This study explored how mindfulness alters the way the brain experiences and processes pain. In it, 15 people were exposed to a series of heat stimulations while an MRI scanner documented activity in their brains. For the first phase of the study, there were two tests: One where participants were instructed to close their eyes and rest while being touched on the calf with heat stimulation, and another where they were told to just focus on the changing sensations of their breath while receiving the heat stimulation. For the second phase of the study, all participants went through four 20-minute mindfulness meditation training sessions, and then did the same tests. In the tests done following the meditation training, participants experienced significant reductions in pain intensity (11-70%) and pain unpleasantness (20-93%), which correlated to greater activity in the areas of the brain related to emotional-regulation and cognitive control and how the brain evaluates sensory events. An exciting new finding from this study was in discovering that the pain-reducing benefits of mindfulness are gained after just four trainings.
4) Pain Attenuation Through Mindfulness is Associated with Decreased Cognitive Control and Increased Sensory Processing in the Brain.Lead investigator: Tim Gard, PhD.Cerebral Cortex, 2012
This study built on the existing evidence that meditation reduces the experience and impact of pain, by testing another potential benefit: reduction in anxiety associated with pain. For the testing, 17 people who practiced mindfulness meditation and 17 people who had never meditated were subjected to six blocks of random electrical stimulation described as being like a sharp needle prick to the lower arm, either while in a resting state or when paying attention to the area under the electric node on their skin, and to the sensations there related to the stimulation. Their brain activity was measured during each block, and participants also rated the intensity and unpleasantness of the pain, and their anticipatory anxiety after each block. Both mindfulness practitioners and non-meditators showed brain activation in the regions typically associated with pain during the tests, but the meditators, while in a state of mindfulness, experienced unchanged pain intensity and decreased pain unpleasantness. In addition, they reported significantly less anxiety while in a state of mindfulness compared to the non-meditators.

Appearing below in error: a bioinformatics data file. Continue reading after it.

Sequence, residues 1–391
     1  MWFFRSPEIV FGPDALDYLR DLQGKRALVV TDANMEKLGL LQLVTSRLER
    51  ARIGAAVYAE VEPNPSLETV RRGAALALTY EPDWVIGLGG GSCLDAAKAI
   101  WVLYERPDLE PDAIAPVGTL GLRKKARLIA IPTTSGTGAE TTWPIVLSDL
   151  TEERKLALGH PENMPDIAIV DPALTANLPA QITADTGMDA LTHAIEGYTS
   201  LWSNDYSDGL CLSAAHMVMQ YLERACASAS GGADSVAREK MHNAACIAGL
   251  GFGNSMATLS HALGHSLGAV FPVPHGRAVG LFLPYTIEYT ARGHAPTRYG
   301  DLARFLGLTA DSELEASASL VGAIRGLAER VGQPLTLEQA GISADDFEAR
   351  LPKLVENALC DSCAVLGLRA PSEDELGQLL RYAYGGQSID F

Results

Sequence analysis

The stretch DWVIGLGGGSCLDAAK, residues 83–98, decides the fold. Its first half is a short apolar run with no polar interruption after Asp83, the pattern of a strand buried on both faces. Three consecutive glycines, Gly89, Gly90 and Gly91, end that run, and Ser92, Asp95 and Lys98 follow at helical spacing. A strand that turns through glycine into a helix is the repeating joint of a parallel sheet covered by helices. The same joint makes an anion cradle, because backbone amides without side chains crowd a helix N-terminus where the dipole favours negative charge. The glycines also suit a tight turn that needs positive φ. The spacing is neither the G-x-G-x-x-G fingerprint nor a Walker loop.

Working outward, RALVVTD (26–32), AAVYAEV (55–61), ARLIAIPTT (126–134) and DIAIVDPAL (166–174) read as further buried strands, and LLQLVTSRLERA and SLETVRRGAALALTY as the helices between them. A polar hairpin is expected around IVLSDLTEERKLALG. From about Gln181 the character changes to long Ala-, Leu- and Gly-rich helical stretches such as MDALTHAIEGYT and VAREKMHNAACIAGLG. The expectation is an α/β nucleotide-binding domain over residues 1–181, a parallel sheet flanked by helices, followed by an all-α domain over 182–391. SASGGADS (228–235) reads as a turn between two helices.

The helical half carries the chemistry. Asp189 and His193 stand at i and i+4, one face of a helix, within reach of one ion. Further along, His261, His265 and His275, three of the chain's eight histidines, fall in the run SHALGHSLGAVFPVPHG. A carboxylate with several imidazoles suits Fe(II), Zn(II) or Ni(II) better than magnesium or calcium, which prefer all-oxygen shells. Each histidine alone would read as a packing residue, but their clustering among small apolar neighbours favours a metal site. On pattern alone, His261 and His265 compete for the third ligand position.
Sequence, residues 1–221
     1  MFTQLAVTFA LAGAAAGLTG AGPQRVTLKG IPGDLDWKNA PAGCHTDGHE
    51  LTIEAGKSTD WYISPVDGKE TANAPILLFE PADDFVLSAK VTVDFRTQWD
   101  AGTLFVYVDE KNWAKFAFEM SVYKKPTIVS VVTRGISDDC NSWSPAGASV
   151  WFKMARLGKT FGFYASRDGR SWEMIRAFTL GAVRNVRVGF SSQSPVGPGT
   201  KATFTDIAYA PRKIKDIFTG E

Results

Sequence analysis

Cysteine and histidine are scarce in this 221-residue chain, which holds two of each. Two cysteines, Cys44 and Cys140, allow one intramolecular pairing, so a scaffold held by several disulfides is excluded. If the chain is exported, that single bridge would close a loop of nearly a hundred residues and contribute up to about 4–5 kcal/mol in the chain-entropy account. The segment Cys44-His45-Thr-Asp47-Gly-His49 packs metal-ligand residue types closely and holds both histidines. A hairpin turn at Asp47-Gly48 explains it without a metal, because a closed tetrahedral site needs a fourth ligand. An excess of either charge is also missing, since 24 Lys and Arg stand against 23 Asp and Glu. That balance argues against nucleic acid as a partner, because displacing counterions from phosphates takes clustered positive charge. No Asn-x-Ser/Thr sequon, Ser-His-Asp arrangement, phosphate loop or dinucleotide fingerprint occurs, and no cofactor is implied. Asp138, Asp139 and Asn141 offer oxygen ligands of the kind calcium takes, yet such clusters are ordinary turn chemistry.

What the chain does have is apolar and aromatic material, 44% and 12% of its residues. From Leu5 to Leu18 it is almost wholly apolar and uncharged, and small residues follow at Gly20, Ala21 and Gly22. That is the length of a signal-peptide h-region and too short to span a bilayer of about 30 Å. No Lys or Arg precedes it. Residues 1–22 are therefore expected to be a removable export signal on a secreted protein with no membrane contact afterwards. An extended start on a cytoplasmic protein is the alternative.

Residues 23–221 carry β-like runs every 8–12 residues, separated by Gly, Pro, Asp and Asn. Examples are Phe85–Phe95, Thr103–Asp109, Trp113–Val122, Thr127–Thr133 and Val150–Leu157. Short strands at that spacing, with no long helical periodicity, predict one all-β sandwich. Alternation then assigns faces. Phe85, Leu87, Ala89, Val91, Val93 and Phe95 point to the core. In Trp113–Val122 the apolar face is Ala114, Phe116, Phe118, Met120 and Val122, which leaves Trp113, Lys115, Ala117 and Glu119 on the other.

5) A Mind-Body Program for Older Adults with Chronic Low-Back Pain: A Randomized Clinical Trial. Lead investigator: Natalia Morone. JAMA Internal Medicine, 2016
This study looked at how mindfulness might help chronic back pain among older people. In it, 282 people over age 65 with lower back pain were recruited and split into two groups: One group went through 8 weeks of Mindfulness Based Stress Reduction (MBSR) training and the other group did an 8-week education program in healthy aging. Compared to the health-education group, the MBSR group experienced significantly reduced pain (both current pain and pain felt in the past week) immediately following the training, and maintained this improvement six months later. In the short term, they also experienced greater physical function. Both the mindfulness and the health-education group experienced increases in self-efficacy.
6) Effect of Mindfulness-Based Stress Reduction vs Cognitive Behavioral Therapy or Usual Back Care on Pain and Functional Limitations in Adults with Chronic Low Back Pain: A Randomized Clinical Trial. Lead investigator: Dan Cherkin, PhD. JAMA, 2016
Researchers compared three approaches to manage chronic low-back pain: mindfulness, cognitive behavioral therapy, or usual care. They randomized 342 adults, ages 20-70, into one of the three approach groups. For the MBSR and CBT interventions, each group went through two-hour weekly trainings for 8 weeks. The usual care group continued to do whatever they had been doing. Both the MBSR and CBT groups showed greater improvement in both back pain and functional limitation due to back pain than the usual care group, with results lasting up to a year later.
7) Neural Mechanisms Supporting the Relationship Between Dispositional Mindfulness and Pain.Lead investigator: Fadel Zeidan, PhD.PAIN, 2018
Researchers sought to determine whether mindful people feel less pain, and also, what brain processes are involved with that experience. In this study, 76 people with no prior meditation experience completed a survey to determine their level of trait mindfulness, or “day-to-day ability to experience sensations and emotions without reaction.” They then were exposed to two rounds of heat stimulation to the calf. Participants rated their own pain intensity and pain unpleasantness, and brain activity was inferred through changes in cerebral blood flow as documented in an MRI brain scan. Higher trait mindfulness was associated with less pain sensitivity. It also indicated greater deactivation of an area of the brain’s default mode network, which goes quiet when we’re attending to a task.